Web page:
It has been about a month since the last earnings report for Parsley Energy (PE). Shares have lost about 5.9% in that time frame, underperforming the S&P 500.
Will the recent negative trend continue leading up to its next earnings release, or is Parsley Energy due for a breakout? Before we dive into how investors and analysts have reacted as of late, let’s take a quick look at the most recent earnings report in order to get a better handle on the important drivers.
Parsley Energy Q2 Earnings Beat Estimates, Sales Miss Mark
Parsley Energy reported second-quarter 2020 adjusted net earnings per share of 3 cents. The Zacks Consensus Estimate was of a loss of 14 cents. Better-than-expected results were attributable to higher year-over-year production volumes. Further, Parsley Energy's average quarterly volume came in at 183.2 thousand barrels of oil equivalent per day, outpacing the Zacks Consensus Estimate of 171 thousand barrels of oil equivalent per day. However, the bottom line fell from earnings of 32 cents per share in second-quarter 2019 due to weak year-over-year average price realizations of oil and NGLs.
Moreover, Parsley Energy’s total revenues of $220.21 million lagged the Zacks Consensus Estimate of $327 million. Also, the top line plunged 55.8% from the year-ago sales of $498.54 million due to weak commodity price realization.
Production Data and Realized Prices (Minus Derivatives’ Impact)
Parsley Energy's average quarterly volume expanded 30.7% year over year to 183.2 thousand barrels of oil equivalent per day (comprising 83.1% liquids), backed by the rising production of oil, natural gas and natural gas liquids (NGLs). In the quarter under review, the company’s 17 gross horizontal wells came online.
Average realized oil price declined 68.6% from the year-ago quarter to $18.30 per barrel and NGLs price realization decreased 64% to $5.10. Meanwhile, realized price for natural gas in the quarter was 71 cents, lower than the year-ago level of one cent per thousand cubic feet.
Total operating expenses declined to $295.9 million from the year-ago figure of $317.7 million. Further, production and ad valorem taxes descended to $23.4 million from $30.7 million in the prior year. Depreciation costs also fell to $127.5 million from $198.6 million in the corresponding quarter of last year.
Capex & Balance Sheet
Capital expenditure totaled $64 million, of which 93.8% was allotted to drilling and completion activities while the remaining was spent on water infrastructure and non-operated development operations. In the quarter under review, the company generated free cash flow worth $113.9 million.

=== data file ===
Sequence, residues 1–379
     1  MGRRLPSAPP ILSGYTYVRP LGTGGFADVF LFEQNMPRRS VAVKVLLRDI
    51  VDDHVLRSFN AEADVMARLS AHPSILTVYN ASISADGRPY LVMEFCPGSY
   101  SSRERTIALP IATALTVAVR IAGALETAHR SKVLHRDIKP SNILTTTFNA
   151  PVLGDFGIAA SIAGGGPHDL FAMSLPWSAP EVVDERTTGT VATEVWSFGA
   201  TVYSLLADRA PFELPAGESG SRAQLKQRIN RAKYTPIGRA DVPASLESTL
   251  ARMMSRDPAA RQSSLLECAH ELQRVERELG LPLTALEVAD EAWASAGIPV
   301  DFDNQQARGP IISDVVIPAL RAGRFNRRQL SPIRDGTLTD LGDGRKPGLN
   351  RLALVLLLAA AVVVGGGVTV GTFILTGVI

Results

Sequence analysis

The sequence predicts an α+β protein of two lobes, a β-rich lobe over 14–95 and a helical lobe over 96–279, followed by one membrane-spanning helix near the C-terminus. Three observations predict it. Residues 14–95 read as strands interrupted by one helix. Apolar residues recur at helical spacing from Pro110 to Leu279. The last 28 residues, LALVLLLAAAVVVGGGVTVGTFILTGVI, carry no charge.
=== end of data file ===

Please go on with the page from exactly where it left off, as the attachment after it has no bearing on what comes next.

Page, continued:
As of Jun 30, 2020, Parsley Energy had cash and cash equivalents of $2.3 million. Its long-term debt was $3,122.8 million, representing total debt to total capital of 45.1%. Parsley Energy also has $638.3 million under its revolving credit facility.
The company’s board of directors declared a quarterly dividend of 5 cents per share, payable Sep 18, 2020 to its shareholders of record on Sep 8.
The oil industry is battered big time by the coronavirus pandemic that pervaded most sectors until now. Fuel demand took a huge hit following large-scale travel constraints imposed globally. Hence, the company did not provide production and activity guidance due to such uncertainties.
In response to the bearish oil price trend, Parsley Energy trimmed its 2020 capital expense outlook to the $650-$700 million range from the prior projection of less than $700 million. More than 60% of that estimate is already spent in the first half of this year.
Notably, this Midland, TX-based company anticipates generating a minimum free cash flow of $350 million from operations if WTI Crude prices average at $35 per barrel for the remaining year. This free cash flow view represents an increase of $50 million from the earlier-provided outlook.
How Have Estimates Been Moving Since Then?
In the past month, investors have witnessed an upward trend in estimates review. The consensus estimate has shifted 2712.5% due to these changes.
At this time, Parsley Energy has a subpar Growth Score of D, however its Momentum Score is doing a lot better with an A. Following the exact same course, the stock was allocated a grade of A on the value side, putting it in the top quintile for this investment strategy.
Overall, the stock has an aggregate VGM Score of B. If you aren’t focused on one strategy, this score is the one you should be interested in.
Estimates have been trending upward for the stock, and the magnitude of these revisions looks promising. It comes with little surprise Parsley Energy has a Zacks Rank #2 (Buy). We expect an above average return from the stock in the next few months.
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